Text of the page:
I am wondering if Dedekind's theory about the structure of deductive science influenced the work of Hilbert.

Hilbert obviously favored axioms at the beginnings of a deductive science, whereas Dedekind seemed to take a more conceptual approach.

Any details about the relationship between the works of these mathematicians would be appreciated.


1 Answer 1


Hilbert was influenced especially by Dedekind's 1888 essay The Nature and Meaning of Numbers, but he shared only half of Dedekind's approach. To keep things in perspective, it is important to note the third, most traditional genetic approach, advocated at the time by Helmholtz-Kronecker and more rigorously by Frege, as reflected in the Frege-Hilbert correspondence. Hilbert explicitly distinguished his own axiomatic approach from Dedekind's structural one, which, arguably, combined axiomatic and genetic one. The combination came to be appreciated much later, when Gödel showed that axiomatic theories could not be "grounded" the way Hilbert hoped.

Dedekind and Hilbert were both promoting abstract arguments about objects with multiple concrete realizations, on this they were on the same side. But Dedekind's approach was bottom-up, abstracting general properties from concrete realizations and operating on them, while Hilbert's was top-down, laying down the axioms and deriving theorems about 'incomplete' objects. He saw the genetic side as redundant, at least, from the foundational perspective. Modernizing, we could say that Dedekind had in mind a class of models, while Hilbert had a formal theory. In a similar spirit, some modern mathematicians distinguish between "structural" axioms of "working mathematicians" and "foundational" axioms of logicians, e.g. Feferman in Does mathematics need new axioms?

Interconnections between Hilbert's and Dedekind's ideas are analyzed in Sieg-Schlimm, Dedekind's Analysis of Number: Systems and Axioms:

"In 1888 Hilbert made his Rundreise from Konigsberg to other German university towns. He arrived in Berlin just as Dedekind's Was sind und was sol/en die Zahlen? had been published. Hilbert reports that in mathematical circles everyone, young and old, talked about Dedekind's essay, but mostly in an opposing or even hostile sense. A year earlier, Helmholtz and Kronecker had published articles on the concept of number in a Festschrift for Eduard Zeller... Dedekind's reflections... can be understood... as articulating an axiomatic approach that is joined with a genetic one in a methodologically coherent way... If we think of the genetic method as underlying the construction of mathematical objects, systems of which are models of appropriate axiom systems, we can see very clearly how it complements in Dedekind's hands an axiomatic approach.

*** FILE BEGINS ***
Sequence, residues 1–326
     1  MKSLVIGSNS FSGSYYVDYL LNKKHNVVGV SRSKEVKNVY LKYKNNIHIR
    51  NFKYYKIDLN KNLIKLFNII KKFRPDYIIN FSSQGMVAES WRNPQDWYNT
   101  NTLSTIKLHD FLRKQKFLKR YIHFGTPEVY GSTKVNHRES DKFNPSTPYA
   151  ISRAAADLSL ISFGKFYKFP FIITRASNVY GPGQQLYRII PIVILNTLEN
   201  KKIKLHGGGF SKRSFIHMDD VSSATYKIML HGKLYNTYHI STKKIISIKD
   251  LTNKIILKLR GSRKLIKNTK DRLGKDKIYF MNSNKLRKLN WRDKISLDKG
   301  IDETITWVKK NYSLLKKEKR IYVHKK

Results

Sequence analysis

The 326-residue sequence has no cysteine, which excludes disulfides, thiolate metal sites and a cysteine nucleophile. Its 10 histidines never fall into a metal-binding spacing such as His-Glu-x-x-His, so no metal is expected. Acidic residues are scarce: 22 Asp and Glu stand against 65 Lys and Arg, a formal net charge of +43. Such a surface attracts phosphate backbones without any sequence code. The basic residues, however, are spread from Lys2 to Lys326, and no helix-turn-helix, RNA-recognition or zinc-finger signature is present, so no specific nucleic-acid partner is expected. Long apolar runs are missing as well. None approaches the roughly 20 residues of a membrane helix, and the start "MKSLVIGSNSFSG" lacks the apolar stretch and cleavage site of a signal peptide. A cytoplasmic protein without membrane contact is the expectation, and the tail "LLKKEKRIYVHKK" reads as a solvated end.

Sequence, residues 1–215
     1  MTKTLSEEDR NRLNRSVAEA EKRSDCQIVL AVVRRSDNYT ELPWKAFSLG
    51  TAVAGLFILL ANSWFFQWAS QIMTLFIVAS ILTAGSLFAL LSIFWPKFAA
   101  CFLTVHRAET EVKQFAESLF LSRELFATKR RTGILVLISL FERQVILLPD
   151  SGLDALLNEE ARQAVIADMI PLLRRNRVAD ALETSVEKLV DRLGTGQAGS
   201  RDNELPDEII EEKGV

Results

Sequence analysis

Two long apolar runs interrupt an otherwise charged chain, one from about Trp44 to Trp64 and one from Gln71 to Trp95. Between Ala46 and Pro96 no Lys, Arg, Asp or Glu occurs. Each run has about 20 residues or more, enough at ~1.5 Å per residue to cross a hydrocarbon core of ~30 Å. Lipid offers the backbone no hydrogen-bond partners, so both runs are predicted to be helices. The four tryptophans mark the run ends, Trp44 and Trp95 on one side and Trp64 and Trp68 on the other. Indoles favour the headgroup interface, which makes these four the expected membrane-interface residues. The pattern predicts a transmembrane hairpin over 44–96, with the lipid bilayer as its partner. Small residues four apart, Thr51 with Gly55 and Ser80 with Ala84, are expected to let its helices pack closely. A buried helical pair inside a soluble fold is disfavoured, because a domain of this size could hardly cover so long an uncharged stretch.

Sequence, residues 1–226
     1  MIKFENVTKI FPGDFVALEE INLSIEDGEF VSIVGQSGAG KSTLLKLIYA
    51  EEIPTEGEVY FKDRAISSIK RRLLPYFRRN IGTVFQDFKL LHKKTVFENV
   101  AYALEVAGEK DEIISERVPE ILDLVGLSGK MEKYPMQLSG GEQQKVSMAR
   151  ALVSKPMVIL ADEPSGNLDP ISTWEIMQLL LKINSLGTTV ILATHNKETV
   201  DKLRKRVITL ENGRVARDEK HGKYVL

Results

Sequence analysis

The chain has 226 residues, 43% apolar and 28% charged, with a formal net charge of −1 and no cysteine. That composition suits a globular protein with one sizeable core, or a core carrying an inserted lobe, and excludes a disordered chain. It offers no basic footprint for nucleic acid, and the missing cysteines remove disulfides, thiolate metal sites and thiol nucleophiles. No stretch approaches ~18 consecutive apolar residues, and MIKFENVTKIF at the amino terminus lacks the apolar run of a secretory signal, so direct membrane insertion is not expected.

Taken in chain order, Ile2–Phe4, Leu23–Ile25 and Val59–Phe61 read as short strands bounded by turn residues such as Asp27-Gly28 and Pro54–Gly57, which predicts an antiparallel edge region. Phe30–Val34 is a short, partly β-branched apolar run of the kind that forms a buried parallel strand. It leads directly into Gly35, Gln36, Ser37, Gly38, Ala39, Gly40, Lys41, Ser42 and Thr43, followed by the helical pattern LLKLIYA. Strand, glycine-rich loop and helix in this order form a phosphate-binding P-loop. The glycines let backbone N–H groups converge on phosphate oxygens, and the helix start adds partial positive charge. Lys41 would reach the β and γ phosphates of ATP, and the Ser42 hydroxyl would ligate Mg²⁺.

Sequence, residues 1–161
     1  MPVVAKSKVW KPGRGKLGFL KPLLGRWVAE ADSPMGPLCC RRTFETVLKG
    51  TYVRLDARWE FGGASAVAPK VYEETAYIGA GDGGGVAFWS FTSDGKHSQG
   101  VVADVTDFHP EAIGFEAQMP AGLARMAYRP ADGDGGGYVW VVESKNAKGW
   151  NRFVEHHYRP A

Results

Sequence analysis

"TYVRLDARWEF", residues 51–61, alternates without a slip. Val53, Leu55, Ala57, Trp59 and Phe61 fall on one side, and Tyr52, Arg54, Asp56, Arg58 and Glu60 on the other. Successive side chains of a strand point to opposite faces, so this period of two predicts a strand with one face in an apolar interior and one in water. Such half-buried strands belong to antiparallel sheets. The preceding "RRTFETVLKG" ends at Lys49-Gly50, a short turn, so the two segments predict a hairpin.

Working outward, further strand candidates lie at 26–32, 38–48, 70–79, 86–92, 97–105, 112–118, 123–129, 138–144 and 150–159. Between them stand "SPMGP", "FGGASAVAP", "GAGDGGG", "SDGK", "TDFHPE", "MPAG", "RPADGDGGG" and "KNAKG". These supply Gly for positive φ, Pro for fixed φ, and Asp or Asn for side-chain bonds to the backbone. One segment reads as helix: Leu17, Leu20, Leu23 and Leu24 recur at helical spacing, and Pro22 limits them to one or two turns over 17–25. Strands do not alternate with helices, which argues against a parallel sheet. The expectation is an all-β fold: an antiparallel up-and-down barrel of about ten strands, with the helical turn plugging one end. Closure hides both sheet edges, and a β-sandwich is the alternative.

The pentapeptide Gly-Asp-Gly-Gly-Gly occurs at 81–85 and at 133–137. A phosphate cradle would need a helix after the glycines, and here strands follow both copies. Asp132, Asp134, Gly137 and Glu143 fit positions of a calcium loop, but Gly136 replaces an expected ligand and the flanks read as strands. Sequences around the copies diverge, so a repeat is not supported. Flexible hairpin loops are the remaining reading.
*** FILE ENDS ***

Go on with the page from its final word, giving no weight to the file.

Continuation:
In his essay Uber den Zahlbegriff, Hilbert distinguished sharply between the axiomatic and genetic method, but did not recognize then the complementary roles they play for the foundations of arithmetic... Dedekind's approach is associated with a novel structuralist perspective on mathematics and is grounded in logic broadly conceived. Hilbert sustains this general perspective in what he later calls existential axiomatics, but he gives up a logicist in favor of a finitist grounding of mathematics... By tracing its development we provide a view of Dedekind's evolving foundational position that apparently differs from Hilbert's: to our knowledge, Hilbert never considered Dedekind as having used the axiomatic method.